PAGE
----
The subject of this sketch, late banker and capitalist of Chicago, was born in Kentucky, in the city of Lexington, September 21, 1822. His parents and more distant ancestors were natives of the Blue Grass State, and he was personally related to it by twenty years of residence within its borders and the education with which its schools in part prepared him for the distinguished place he was destined to all in the fields of business and finance. Though an enterprising youth, and one who, from an early age, looked forward to a successful career of some kind, Mr. Byram possessed the patience which enables one to “bide his time,” and the sagacity to take full advantage of his opportunity when it presents itself. His school days ended, lie was variously employed in Lexington until 184!), when the discovery of gold in California sent thousands of the more adventurous young men to the Pacific coast. Mr. Byram, in no wise averse to the fortune, which as a possibility lured toward the West, vet mistrustful of the fever and haste of the multitude, deliberately applied himself to the commercial side of the enterprise. With a complete equipment of ox-teams and heavy wagons, he established himself as one of the pioneer freighters so indispensable during that phenomenal migration and did a very extensive business, traversing the old Santa Pc route by way of St. Joe, Missouri, and El Paso, Texas, to the gold fields. In this way he became familiar with the physical features of the intervening country, and came to the conclusion that not all of the mineral wealth was stored at the end of the line. In due time the counter current set in—the eastward wave of adventurers with its abundant constituency of disappointed prospectors. Tint these latter had at least learned how to dig and were inured to the hardships of the milling camps of California. They needed but new promise of the coveted reward to reawaken their enthusiasm, and a considerable number of them were fitted out by Mr. Byram and sent to new fields. As was to be expected, most of the mines located yielded small returns, but our subject persevered and his patience was at length richly repaid. In 1874, the discovery in Utah of the “Horn Silver Mine,” the second in size in the United States, placed Mr. Byram among the large capitalists of the West. For several years he was sole proprietor of the Horn mine, from which, during its operation, ore to the amount of $25,000,000 was obtained, and throughout the “seventies” he was one of the notable figures in the silver mining industry, his name being familiarly associated with Jay Cooke and his compeers. As a government contractor, also, both long previous to and following the Civil War, Mr. Byram was very prominent. Subsequently he turned his attention to banking at St. Joseph, Missouri, which city he left in 1875 to settle permanently in Chicago. This choice of residence was an event of consequence, even to so great a metropolis, for it was here that he invested the greater part of his accumulations. In 1879 Mr. Byram built, in Chicago, the Horn Silver Smelter, which was one of the first put in operation in this country for the treatment of refractory ores. It was due to his mechanical genius and practical ideas in the construction of this smelting plant that the cost of refining the ore from the Horn mine was reduced from $45.00 to $9.00 per ton, with a corresponding profit to the stockholders. Though not having the advantages of a collegiate education, Mr. Byram early acquired a taste for good literature, and in later life a large portion of his time was spent in the reading of his favorite authors. Modest and retiring in his nature, few outside of his immediate family came to know him intimately, but by those who got behind his natural reserve he was loved for his uniform courtesy and kindness of heart. As a citizen Mr. Byram interested himself in enterprises of a public and philanthropic character, and his benefactions were many. For years he was a valued member of the Calumet Club, resigning only when increasing physical infirmity necessitated such action. In his later years Mr. Byram lived in retirement from active business, in full enjoyment of a happy domestic life, while gradually, peacefully, the sands of his life ran out. He died at his home in Chicago, April 6, 1901. He is survived by Mrs. Byram, to whom, as Miss Eleanor Wetzel, of Virginia, he was wedded on April 29, 1859; also by the seven children born to them, whose names in the order of their ages are: Frances, now Mrs. Frances B. Burnes; Harry A., who died August 7, l884; Sarah, Mrs. I. N. Perry; William; Alice, Mrs. Harold A. Howard; Charles F. and Muriel, all of whom except the oldest son, William Byram, who lives in Sydney, Australia, are residents of Chicago.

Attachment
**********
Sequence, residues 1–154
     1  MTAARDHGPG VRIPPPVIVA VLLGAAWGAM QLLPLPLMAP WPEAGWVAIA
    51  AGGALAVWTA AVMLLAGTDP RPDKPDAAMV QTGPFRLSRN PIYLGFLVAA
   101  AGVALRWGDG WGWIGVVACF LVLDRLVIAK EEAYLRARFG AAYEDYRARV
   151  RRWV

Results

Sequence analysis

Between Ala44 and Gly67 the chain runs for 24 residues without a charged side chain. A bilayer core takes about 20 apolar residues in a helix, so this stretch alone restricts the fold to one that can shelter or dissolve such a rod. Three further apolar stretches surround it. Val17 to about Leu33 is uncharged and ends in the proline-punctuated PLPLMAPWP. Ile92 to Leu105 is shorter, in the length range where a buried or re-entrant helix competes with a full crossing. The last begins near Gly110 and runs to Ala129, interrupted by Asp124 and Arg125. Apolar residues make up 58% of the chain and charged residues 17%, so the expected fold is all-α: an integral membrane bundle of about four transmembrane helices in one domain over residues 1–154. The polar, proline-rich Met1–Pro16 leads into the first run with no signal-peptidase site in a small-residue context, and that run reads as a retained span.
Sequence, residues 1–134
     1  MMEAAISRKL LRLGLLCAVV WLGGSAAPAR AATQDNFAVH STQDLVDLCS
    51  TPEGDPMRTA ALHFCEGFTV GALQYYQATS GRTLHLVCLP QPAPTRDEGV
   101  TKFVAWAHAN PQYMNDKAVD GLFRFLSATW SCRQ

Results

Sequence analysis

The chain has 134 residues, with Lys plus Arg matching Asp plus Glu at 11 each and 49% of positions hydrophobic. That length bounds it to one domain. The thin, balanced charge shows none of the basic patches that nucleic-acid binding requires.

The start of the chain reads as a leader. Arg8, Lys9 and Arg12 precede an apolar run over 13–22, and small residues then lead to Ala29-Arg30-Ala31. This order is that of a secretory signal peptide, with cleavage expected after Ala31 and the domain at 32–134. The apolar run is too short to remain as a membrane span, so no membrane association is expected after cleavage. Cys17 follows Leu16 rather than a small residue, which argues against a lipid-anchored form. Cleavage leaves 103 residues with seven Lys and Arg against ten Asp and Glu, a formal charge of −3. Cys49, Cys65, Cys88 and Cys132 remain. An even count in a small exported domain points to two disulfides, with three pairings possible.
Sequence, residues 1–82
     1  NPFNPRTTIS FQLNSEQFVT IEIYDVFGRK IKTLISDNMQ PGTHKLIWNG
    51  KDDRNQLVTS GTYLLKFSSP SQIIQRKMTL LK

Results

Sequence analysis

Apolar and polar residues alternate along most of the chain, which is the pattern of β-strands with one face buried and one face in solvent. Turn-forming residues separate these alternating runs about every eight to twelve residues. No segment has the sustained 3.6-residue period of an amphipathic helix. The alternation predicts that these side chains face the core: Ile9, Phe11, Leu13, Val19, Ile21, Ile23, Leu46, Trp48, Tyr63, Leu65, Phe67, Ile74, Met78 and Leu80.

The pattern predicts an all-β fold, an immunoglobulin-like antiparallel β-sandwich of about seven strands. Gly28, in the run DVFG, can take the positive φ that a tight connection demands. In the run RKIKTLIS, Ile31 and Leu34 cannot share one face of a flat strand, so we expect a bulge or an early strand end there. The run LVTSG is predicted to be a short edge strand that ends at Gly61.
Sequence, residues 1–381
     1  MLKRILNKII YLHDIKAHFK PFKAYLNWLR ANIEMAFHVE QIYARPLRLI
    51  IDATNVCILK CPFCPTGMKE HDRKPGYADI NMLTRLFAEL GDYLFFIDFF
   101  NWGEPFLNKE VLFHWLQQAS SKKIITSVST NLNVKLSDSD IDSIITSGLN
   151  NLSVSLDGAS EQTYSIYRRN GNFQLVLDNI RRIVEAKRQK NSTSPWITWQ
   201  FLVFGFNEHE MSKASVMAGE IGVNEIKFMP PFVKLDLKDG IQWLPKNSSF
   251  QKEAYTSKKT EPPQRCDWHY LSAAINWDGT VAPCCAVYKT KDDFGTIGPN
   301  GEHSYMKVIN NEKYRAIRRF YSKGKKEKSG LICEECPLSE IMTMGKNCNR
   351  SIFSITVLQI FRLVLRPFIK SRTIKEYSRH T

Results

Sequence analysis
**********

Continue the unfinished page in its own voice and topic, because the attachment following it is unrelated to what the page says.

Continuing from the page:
MacGrath, Hyland, and George Irving Reed, eds. “Augustus Byram.” In Encyclopaedia of Biography of Illinois, III: 99–100. Chicago: The Century Publishing and Engraving Company, 1902.


Last changed: Jul 14 2018 at 2:06 PM